"There is no bread, freedom or social justice"
On the second anniversary of the Egyptian revolution, Tahrir square, the symbolic heart of protestors that toppled Mubalak, filled with thousands of Egyptians again. They chanted slogans against presidency and Muslim Brotherhood, with scenes very similar to what we saw during the revolution in 2011.
Two years ago, Egyptians poured into the streets to celebrate after the announcement of Mubalak's resignation. they believed that a democratic change was possible. But two years later, many are angry that main goals of their revolution, freedom and social justice, have not been achieved, and their country's politics has been polarized by Morsi's mainly Islamist supporters and the opposition. Liberal and secular protesters continued to say "Our revolution is not over yet" or "The Muslim Brotherhood stole our revolution." and to fight in the streets.
It has been two years since the fall of Hosni Mubarak, the country's longtime dictator. Although Egypt is far from the ideal that the most of Egyptians had imagined during the days of the revolution. The new government, led by President Mohamed Morsi and his Islamist allies, couldn't find any solution to this crisis yet. But, rather, it seems that they have been leading them into chaos. And political disaster have also involved the country in new sectarian conflicts.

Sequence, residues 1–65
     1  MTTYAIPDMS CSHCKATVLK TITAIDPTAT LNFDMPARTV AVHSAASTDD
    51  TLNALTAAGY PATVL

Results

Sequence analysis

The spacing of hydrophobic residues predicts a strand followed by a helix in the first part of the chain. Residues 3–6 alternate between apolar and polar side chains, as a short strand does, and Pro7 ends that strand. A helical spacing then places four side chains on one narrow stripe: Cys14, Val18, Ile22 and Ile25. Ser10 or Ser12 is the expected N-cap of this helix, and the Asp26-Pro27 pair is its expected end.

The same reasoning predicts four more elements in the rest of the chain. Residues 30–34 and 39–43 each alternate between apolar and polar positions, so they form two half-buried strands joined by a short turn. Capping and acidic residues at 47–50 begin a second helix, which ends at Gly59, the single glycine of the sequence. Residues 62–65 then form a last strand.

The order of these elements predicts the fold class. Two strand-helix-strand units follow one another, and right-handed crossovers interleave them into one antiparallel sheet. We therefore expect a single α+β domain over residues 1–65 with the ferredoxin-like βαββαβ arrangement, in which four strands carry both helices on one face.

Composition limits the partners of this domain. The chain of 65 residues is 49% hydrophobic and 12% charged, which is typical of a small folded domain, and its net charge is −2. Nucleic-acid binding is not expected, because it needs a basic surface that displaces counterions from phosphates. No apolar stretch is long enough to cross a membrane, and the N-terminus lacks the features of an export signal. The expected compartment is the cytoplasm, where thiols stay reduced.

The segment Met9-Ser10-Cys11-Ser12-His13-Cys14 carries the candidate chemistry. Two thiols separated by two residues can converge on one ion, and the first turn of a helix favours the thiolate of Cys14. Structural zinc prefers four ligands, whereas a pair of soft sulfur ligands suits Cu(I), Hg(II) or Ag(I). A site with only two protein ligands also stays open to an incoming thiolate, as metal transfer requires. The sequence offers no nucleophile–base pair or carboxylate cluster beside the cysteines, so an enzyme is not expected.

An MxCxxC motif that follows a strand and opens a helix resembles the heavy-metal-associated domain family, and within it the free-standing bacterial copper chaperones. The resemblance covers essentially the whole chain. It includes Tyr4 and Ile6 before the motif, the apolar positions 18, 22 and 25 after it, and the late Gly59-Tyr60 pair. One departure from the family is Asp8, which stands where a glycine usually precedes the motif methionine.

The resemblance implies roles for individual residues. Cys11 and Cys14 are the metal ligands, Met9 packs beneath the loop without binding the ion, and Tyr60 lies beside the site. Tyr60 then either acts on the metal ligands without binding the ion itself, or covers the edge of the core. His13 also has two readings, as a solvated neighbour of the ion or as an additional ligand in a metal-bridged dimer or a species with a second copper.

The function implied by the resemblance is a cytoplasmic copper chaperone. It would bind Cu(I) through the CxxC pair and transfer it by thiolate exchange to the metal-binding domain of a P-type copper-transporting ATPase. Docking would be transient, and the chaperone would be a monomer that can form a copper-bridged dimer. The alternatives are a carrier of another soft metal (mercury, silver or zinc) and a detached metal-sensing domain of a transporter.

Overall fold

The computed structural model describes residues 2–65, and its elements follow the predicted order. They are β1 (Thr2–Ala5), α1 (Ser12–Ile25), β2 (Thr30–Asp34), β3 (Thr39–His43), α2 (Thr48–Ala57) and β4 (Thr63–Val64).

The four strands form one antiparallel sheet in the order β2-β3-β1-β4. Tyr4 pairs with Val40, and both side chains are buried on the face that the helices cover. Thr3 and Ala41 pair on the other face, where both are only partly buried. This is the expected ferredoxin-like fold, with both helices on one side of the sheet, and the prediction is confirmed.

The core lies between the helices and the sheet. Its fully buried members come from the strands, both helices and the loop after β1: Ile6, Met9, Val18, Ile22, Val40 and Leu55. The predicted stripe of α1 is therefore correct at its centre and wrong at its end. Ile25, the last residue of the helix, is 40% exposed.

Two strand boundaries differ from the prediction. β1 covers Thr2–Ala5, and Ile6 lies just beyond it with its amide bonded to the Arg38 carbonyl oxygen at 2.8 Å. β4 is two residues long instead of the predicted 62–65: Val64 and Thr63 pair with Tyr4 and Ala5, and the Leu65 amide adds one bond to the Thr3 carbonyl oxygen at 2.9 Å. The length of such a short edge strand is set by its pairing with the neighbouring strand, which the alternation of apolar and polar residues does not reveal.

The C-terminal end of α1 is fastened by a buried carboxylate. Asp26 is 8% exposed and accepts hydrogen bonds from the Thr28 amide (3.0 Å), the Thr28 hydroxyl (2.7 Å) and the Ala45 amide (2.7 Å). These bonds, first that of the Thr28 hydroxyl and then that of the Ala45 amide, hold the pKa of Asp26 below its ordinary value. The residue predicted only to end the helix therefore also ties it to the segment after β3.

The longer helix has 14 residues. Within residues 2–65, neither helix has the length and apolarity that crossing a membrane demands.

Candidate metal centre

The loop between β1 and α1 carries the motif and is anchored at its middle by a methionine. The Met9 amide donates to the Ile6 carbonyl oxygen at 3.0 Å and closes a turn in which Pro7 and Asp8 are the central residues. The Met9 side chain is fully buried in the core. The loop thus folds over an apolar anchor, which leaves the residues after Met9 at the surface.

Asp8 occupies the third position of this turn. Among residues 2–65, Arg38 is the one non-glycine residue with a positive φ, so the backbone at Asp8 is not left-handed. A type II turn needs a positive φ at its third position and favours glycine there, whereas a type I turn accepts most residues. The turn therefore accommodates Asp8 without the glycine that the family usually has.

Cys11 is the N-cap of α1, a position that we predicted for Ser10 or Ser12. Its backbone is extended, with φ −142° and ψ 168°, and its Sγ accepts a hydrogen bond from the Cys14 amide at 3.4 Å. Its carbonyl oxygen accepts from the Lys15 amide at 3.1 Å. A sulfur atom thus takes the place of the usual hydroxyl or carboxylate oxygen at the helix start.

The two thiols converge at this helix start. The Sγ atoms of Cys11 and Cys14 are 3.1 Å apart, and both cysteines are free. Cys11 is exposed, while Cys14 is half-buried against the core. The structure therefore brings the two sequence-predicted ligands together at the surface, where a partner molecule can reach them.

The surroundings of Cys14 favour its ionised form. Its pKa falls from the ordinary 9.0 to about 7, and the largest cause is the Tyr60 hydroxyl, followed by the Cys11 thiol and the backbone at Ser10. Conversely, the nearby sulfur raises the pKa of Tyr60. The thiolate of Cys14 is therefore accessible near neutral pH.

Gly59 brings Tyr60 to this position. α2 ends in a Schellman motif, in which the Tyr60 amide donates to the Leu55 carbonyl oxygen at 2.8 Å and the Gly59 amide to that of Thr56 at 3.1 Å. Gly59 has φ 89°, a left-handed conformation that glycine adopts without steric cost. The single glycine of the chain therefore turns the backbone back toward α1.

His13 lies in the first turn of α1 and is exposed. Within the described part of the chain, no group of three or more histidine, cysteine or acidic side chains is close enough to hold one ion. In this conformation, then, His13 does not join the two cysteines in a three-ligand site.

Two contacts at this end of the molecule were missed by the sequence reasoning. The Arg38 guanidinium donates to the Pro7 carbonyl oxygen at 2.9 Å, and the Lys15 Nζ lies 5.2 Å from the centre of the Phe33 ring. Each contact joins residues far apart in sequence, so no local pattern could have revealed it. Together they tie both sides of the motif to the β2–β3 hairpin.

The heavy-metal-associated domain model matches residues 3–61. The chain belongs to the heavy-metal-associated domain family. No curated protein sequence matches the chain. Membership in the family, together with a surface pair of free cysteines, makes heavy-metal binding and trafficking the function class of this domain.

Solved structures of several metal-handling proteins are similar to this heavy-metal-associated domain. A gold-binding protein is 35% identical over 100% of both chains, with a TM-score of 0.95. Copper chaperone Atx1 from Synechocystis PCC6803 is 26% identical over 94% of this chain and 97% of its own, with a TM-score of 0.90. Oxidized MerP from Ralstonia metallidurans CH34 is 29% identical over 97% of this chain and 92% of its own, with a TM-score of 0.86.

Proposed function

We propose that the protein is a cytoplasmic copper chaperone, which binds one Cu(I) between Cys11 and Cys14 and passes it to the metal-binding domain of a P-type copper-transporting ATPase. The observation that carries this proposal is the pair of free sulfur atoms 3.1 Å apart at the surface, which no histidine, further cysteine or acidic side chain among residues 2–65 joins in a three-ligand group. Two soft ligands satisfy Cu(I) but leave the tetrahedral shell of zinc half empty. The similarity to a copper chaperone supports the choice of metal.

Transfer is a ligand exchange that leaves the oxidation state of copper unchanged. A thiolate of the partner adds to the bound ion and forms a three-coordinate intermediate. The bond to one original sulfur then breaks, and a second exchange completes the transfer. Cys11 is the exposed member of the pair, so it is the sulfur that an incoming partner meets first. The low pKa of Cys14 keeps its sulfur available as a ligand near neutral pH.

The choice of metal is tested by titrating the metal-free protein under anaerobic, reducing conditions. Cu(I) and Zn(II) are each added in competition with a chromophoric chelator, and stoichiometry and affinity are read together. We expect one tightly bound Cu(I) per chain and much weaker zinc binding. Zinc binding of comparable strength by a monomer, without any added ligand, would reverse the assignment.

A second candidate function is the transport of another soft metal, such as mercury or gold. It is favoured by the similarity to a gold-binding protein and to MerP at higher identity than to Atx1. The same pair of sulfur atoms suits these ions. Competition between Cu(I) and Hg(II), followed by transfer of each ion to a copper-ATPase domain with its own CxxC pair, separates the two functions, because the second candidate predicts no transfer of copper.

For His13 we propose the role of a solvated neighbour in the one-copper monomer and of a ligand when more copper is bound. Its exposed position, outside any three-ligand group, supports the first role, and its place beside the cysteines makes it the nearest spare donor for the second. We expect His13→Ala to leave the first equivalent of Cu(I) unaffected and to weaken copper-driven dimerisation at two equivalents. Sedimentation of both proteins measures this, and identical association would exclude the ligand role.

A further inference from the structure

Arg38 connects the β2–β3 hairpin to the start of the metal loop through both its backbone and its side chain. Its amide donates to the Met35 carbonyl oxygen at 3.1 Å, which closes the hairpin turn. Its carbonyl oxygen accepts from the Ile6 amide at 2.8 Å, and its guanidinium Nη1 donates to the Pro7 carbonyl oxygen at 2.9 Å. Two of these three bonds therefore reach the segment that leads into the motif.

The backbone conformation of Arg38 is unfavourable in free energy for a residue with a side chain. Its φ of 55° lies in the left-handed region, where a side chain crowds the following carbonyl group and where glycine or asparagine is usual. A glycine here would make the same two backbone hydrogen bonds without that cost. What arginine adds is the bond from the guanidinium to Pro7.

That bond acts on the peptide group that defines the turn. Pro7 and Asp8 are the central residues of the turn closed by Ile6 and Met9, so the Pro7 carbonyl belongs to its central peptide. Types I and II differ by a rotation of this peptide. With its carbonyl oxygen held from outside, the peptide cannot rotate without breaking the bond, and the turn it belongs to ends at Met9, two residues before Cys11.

Unemployment rose from 9.8 percent in 2010 to 13 percent today. Inflation is officially 8.7 percent, but the real rate is probably close to 9.5 percent, maybe even higher for food and basic commodities. In addition, President Mohamed Morsi's government is confronting with a severe economic crisis, worsened by this long-term political instability. In order to quell its financial problems, Egypt is seeking a $4.8 billion aid from IMF, but the government may need to engage in economic reforms, including subsides cuts and tax increases, that would lead to price hikes on staples like food and fuel.